A dream accomplished after 33 years , at the summit

What is the experience like once you reach the top?

Once you reach the top, you have around 5-6 minutes. Anything more than that starts affecting your body because of the cold.  So, I spent the first few minutes taking a few pictures and videos which you need as a proof that you made it to the top.  The rest of the time all you can possibly do is just enjoy the view; it is the ultimate view, after all you’re literally on the top of the world.

But having said that, I also knew that it’s not over yet, it’s a round trip and it’s only over once I manage to reach back down so that is also one thing that was playing on my mind. I hadn’t slept for five nights, had not been eating and was exhausted.  But undoubtedly, the feeling to have summited was unexplainable, it was like a dream for me which has made my life worth it so I was just thankful to be there. 

Was there any moment during the entire expedition when you thought you wouldn’t be able to do it?

Yes, actually here were two such moments.  One was during the climb when we were at a particular spot and we could actually see an approaching storm. I did think for a bit at that point that it would be wise to abort but we waited and thankfully the winds subsided and then we continued with our climb.

The second was when descending. I had blisters on my legs, some were as big as marbles and every step was so painful. I was exhausted which made me really slow. I was dehydrated and took five hours more than what one would take typically to descend. I ran out of oxygen at 25,000 feet when I reached the camp. I remember telling my tent partner that I might not make it as I was about to sleep. Because I knew my oxygen would get over by 5 o clock in the morning and I still needed to get down to three thousand feet which would be about 10 o clock so anything could go wrong that night. Luckily, I’m here due to God’s grace.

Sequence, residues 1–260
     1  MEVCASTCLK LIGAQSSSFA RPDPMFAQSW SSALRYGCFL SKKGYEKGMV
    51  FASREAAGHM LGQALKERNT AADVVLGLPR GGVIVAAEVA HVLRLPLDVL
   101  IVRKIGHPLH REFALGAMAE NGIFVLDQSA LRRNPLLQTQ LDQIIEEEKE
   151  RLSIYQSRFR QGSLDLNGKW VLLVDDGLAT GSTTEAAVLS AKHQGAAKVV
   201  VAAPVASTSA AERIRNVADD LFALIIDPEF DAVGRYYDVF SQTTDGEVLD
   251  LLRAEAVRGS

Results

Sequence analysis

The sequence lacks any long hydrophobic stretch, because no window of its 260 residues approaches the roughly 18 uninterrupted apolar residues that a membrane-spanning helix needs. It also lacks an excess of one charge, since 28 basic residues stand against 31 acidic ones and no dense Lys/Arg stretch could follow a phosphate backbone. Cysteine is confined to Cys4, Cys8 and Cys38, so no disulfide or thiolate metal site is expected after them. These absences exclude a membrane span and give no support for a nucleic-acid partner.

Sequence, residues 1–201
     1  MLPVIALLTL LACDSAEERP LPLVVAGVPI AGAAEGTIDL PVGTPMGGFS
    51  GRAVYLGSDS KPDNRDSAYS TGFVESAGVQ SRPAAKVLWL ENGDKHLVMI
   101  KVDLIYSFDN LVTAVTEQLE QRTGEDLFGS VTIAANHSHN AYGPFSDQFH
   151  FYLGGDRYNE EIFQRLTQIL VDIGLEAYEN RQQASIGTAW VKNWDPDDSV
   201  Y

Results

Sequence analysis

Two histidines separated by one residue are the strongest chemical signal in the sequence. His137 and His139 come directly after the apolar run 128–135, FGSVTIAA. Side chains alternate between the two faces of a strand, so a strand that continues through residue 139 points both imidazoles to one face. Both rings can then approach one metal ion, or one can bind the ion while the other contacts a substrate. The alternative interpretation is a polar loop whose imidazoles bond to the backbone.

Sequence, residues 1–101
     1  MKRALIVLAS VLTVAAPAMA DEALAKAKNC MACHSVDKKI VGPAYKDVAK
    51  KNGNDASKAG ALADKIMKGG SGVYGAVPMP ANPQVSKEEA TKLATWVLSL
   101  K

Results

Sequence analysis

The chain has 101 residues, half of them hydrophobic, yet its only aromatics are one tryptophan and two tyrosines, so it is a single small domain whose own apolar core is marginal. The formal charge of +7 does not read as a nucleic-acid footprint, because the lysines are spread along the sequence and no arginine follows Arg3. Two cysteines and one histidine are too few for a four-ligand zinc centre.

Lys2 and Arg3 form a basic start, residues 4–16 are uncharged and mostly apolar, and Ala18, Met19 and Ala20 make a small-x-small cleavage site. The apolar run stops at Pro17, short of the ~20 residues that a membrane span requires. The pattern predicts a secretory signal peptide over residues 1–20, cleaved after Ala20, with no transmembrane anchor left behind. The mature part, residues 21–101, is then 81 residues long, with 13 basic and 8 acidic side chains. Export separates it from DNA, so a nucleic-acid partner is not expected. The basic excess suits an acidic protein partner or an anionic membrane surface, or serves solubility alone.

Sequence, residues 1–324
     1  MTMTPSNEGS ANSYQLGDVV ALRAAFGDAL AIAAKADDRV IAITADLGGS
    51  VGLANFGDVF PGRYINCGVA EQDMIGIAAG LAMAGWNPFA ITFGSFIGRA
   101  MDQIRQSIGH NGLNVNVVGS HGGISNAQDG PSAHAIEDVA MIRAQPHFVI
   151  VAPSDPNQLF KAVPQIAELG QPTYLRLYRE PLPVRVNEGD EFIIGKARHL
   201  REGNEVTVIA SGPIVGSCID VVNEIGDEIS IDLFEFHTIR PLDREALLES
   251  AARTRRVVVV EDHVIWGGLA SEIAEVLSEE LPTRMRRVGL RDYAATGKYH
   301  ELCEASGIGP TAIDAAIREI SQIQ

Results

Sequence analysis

Mission accomplished

How did you really manage to do all this with your responsibilities at work?

I am really lucky in that aspect as my office supported me a lot. I spoke to them and they gave me a go ahead to chase my dream and that was really nice of them to give me that sort of a freedom. I am happy to be working with the Aditya Birla group.  I got an amazing working with me. Though they didn’t know about my mission at that time but they were running the entire show. It also boils down to my leadership style I think, where I typically let my team run the show after immersing myself in that particular capacity for 6 months to a year. Then I step back and let my team take over, so they learn and grow and I can also move on to some other role. So, I guess I struck a balance in allotting enough time to work to ensure business sustainability and that also allowed me to take that extra time off to chase my dream.

How would you sum up your experience? Also, what’s next now? 

Well this dream of climbing the Everest has been like an anchor in my life. I have been through a lot of ups and downs in life but this one dream has been like a consistent anchor and now that it is done, I feel like the journey has just begun for me.  I am looking forward to more climbs in other continents or a skiing expedition and other such challenges. I think, in a way, the mountains will always call me back!